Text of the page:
# Give it a try On the form below, you can put this all together. As you fill out each column, click on the button below it to check your numbers. BTW, this is where having a calculator will come in handy. As long as you use 2 significant digits in your calculations, the program will fill in additional digits for you.

Once again, recall that there were 42 mon/fri sick days out of 100.

 observed ("o") expected ("e") (o-e) (o-e)2 (o-e)2/e Mon/ Fri Midweek Total 100 100 Check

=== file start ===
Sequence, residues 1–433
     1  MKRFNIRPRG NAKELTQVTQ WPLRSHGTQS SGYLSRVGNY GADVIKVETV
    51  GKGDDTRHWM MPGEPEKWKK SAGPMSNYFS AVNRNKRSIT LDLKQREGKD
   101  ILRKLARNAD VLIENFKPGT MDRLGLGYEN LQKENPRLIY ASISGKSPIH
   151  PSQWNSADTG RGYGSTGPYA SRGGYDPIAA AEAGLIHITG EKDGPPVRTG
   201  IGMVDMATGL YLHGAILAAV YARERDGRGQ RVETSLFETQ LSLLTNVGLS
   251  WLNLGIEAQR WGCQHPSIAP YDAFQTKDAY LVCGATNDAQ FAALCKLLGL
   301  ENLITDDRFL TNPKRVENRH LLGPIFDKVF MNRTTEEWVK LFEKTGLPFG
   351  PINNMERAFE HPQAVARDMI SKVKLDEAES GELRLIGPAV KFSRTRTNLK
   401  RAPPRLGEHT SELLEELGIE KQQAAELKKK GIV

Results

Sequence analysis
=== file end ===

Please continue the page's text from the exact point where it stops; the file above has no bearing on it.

So now you have calculated a number which is the chi-square statistic for this test, also called the "chi-square-calc". It's the one that's obnoxiously flashing at you. But what do you DO with it? You know that a big chi-square-calc is bad (because it means that the data deviate a lot from the model) and a small chi-square-calc is good (because it means the data doesn't deviate). But how big is big, or how small is small?  Before we answer that question, we need to take a brief detour to discuss degrees of freedom. After that, we can finally answer the question, are Dilbert's colleagues really out fishing on their long weekends?